My grandfather was born in Alexandria Bay, NY, which is located in the Thousand Islands area of the St. Lawrence River. He built a summer cottage on Tar Island on the Canadian side of the river in the early 1900s, and his descendants and our children and grandchildren have been spending summers on Tar Island since we were very young.
During travels and visits to museums, I developed an interest in watercolors, and decided to see if I could paint when I retired around 2000. My interest and talent were developed by a retired artist who provided endless encouragement.
In 2020, our summer visits were interrupted by Covid and we were not able to make our annual trip north to the Thousand Islands. A group of “River Rats” began posting photos of the area on Facebook to placate would be River Rats who were not able to go to the River. I was inspired by some of the photos of the Lighthouses in the Thousand Islands area, and began researching them and using them as objects to watercolor. I learned the history of each lighthouse and ended up painting a collection of ten from the area. It was an educational and inspiring experience that helped placate my preoccupation and isolation brought on with Covid. My “retirement project” helped me pass many hours throughout the summer and winter of 2020.
Most of the time, I deliberately try not to decide what a piece will be about before I start. Deciding first, for me historically, has interfered with the process and I lose spontaneity and ultimately creativity. Making art is a space where I can be totally centered, focused, and lose awareness of internal and external concerns. This is very healing for me. At some point I may recognize a theme and build on it. Other times it is not until later that a title and the possible meaning reveals itself. One piece submitted here is the exception - Rage - which I made in response to the arrests of so many of Trump’s cronies and others in his sphere who I saw as self serving. I am including a shot of the under-layer as may of the faces are covered up by other images. While building this piece didn’t solve anything, the work did relieve some of the internal pressure for me. Cracked exemplifies my more usual process. I was drawn to the center image (girl) and the cracked glass from an IPAD. Long after the piece was completed, I came to see it as an expression of the cracks that had developed in my own life because of my husbands Traumatic Brain Injury and resulting disability. I have come to see the the third submission, Tied Up, as my efforts to pull myself back together without doing the actual work needed to heal.
I turn to Nature and find images that offer me hope, awe and at times, joy when emotions of sadness and grief may seem overwhelming. As in Nature, healing happens in stages and transitions – some are fleeting and others take longer. These transitions become a necessary part of healing and can’t be rushed. The caterpillar goes through a metamorphosis over time and emerges as an adult monarch butterfly that symbolizes strength, endurance and spirituality. A rainbow while illusive often occurs after a storm and symbolizes and offers me hope and perhaps success and fortune at the end of a dark period. A sunflower while often imperfect, lasts for many weeks and brings joy to me and this flower symbolizes adoration, loyalty and longevity.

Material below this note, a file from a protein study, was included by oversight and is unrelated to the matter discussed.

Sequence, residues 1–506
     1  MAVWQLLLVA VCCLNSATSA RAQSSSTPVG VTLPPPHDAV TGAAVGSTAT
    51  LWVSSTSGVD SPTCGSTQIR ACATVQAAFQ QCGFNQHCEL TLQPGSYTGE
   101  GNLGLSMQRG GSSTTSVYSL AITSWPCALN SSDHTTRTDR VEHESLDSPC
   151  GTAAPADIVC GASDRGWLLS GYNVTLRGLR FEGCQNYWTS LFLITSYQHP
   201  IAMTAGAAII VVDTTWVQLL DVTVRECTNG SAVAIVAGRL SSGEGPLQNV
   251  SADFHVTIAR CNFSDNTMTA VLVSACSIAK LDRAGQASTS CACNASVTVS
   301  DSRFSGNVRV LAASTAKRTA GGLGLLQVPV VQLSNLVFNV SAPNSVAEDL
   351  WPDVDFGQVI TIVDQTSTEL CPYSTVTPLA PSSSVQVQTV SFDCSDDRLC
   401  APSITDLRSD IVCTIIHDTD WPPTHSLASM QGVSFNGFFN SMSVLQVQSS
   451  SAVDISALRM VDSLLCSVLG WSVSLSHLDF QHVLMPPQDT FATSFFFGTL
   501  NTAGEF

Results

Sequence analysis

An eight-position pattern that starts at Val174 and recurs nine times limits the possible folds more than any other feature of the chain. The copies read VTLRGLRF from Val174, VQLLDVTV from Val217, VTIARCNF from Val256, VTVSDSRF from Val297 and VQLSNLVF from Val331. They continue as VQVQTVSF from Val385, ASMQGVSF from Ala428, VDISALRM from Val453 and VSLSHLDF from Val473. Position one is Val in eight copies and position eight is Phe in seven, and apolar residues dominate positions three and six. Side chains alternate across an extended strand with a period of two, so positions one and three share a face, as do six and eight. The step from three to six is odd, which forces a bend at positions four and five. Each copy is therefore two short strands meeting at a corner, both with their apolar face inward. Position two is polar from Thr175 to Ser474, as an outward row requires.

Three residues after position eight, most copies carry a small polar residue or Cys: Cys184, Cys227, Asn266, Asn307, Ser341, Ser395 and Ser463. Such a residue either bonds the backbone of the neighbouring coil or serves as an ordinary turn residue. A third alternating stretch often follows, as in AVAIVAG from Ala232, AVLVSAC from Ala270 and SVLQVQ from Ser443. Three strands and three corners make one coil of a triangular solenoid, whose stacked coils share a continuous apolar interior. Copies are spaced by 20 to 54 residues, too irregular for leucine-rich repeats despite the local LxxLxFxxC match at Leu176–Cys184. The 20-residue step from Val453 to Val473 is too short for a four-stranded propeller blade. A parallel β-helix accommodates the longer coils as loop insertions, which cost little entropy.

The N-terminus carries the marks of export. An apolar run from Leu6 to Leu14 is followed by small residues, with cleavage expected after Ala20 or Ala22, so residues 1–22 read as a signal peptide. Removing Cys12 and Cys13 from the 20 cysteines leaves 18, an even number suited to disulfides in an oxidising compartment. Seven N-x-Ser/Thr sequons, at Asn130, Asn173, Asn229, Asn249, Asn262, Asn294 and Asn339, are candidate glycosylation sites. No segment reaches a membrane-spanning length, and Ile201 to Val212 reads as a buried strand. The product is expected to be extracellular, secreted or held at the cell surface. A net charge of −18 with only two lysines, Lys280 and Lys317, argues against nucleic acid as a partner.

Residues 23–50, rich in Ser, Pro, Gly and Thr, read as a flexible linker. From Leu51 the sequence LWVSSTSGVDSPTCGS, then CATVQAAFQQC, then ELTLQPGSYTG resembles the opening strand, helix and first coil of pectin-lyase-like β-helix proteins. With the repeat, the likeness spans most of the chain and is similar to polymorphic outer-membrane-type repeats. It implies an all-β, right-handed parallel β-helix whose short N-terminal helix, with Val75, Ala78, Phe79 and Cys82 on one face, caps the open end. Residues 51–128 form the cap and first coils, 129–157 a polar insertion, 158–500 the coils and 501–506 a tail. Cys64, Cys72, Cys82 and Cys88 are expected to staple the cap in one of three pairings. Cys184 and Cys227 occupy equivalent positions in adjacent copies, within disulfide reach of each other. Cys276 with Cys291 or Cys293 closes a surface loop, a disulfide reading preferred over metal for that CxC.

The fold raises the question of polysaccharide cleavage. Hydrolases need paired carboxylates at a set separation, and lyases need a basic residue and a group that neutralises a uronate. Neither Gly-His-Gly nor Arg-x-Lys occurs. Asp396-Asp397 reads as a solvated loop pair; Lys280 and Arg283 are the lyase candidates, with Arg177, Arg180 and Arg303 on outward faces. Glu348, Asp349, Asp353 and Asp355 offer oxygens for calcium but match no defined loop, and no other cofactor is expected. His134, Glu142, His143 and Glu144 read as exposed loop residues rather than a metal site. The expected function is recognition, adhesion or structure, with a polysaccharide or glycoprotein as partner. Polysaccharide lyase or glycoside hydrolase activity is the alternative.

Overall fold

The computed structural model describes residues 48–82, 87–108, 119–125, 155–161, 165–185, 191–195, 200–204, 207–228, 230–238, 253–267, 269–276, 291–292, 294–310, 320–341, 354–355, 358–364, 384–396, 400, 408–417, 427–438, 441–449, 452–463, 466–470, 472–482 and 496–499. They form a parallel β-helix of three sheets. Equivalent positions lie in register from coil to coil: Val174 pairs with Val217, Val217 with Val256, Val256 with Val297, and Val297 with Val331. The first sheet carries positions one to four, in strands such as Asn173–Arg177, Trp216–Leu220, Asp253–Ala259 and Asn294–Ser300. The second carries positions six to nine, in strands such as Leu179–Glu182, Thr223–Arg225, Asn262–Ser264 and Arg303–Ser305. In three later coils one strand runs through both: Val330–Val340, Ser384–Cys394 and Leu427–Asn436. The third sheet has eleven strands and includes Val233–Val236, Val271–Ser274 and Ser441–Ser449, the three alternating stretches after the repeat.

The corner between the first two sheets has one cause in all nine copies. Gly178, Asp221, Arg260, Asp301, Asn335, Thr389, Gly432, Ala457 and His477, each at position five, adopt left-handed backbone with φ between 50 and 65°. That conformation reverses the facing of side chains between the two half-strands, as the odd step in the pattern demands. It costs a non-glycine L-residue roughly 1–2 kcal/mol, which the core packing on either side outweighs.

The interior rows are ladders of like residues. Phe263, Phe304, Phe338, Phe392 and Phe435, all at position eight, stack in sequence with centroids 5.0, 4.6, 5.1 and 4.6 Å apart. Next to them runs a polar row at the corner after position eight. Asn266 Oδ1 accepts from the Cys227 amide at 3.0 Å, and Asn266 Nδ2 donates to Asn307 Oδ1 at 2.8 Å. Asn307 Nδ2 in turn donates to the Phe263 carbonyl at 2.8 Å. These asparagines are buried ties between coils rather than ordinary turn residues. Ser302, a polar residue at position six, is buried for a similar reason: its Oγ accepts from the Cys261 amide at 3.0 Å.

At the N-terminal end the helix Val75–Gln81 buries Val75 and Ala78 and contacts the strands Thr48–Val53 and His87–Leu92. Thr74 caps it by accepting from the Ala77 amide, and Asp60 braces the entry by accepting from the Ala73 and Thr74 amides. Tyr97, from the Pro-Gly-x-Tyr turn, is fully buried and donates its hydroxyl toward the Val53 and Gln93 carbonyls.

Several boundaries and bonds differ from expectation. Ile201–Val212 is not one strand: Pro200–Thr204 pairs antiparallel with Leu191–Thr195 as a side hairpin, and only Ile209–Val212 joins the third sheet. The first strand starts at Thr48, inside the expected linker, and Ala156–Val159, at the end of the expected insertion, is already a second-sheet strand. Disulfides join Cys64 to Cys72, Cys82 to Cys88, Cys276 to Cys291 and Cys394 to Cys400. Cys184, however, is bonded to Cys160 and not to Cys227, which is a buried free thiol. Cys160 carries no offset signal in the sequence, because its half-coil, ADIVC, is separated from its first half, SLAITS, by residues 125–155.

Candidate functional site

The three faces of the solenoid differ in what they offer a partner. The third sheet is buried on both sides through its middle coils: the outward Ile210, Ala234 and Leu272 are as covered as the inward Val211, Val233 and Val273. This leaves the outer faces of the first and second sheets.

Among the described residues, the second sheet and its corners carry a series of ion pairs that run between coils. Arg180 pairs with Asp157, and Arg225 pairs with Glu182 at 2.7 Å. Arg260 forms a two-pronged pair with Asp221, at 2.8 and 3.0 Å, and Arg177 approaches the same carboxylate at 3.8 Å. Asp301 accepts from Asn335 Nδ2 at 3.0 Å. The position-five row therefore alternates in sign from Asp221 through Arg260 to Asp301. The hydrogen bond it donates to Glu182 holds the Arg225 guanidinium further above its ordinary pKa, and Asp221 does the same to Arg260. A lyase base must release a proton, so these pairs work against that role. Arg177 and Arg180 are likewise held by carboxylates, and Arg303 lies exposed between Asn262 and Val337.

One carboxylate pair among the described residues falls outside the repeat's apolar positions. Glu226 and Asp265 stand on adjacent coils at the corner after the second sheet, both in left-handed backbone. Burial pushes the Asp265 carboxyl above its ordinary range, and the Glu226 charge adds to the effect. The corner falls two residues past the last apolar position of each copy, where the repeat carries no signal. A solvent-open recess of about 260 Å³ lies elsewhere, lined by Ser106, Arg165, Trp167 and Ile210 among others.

Nature is nurturing, feeds the soul and brings smiles and the power to heal.
These paintings are part of a long journey, being a self taught artist, in understanding the different aspects of portraiture.
After the killing of George Floyd I began making cuttings in black & white not really knowing where it was going. What materialized was a vulnerable and violent image that I called George Floyd. Social justice issues were unrelenting but protests made me feel hopeful and strong. I continued to make more work with my cuttings and they became strong, noisy images that rise up and protest.
"Art has the power to heal, inspire, provoke, challenge and offer hope"
Renee Phillips, Healing Power of Art
I create handwoven tapestries because they make me happy. The process of creating a fabric from a discontinuous weft is very meditative and spiritual. It is a long process but also a joyous one, bringing happiness through the healing power of creative flow over an extended period of time. There is nothing obstructing the touch of fiber by the weaver’s hands; just like a song when nothing separates a singer from her voice. Often, tapestry artists are said that they have found their voice in their weavings.
I weave tapestries in silence, committing myself fully to the process: a continuous conversation with the weaving. Fiber following a weaver’s hand is an embodiment of a very intimate conversation between the weaver and the weaving. This quality of tapestry art enriches my life, leading me on a path to wisdom while creating a fabric of my thoughts. As a result, a tactile object is born - an actual tapestry standing with its narrative as a witness to human thought, telling the story of its time.
Sylvia Vander Sluis combines the industrial and domestic to create visceral forms. Made of low-value, contingent materials, the work uses the body to process fundamental, human experiences.
Vander Sluis graduated with an MFA from Western Michigan University and BFA cum laude from Syracuse University. She is a Core Member of Fountain Street Gallery in Boston, as well as an Associate Member of Boston Sculptors Gallery, and works from her studio in Lancaster, MA.
Website URL: www.sylviavandersluis.com
Social Media Links
Private Commissions? Contact artist
Core Member, Fountain Street gallery: fsfaboston.com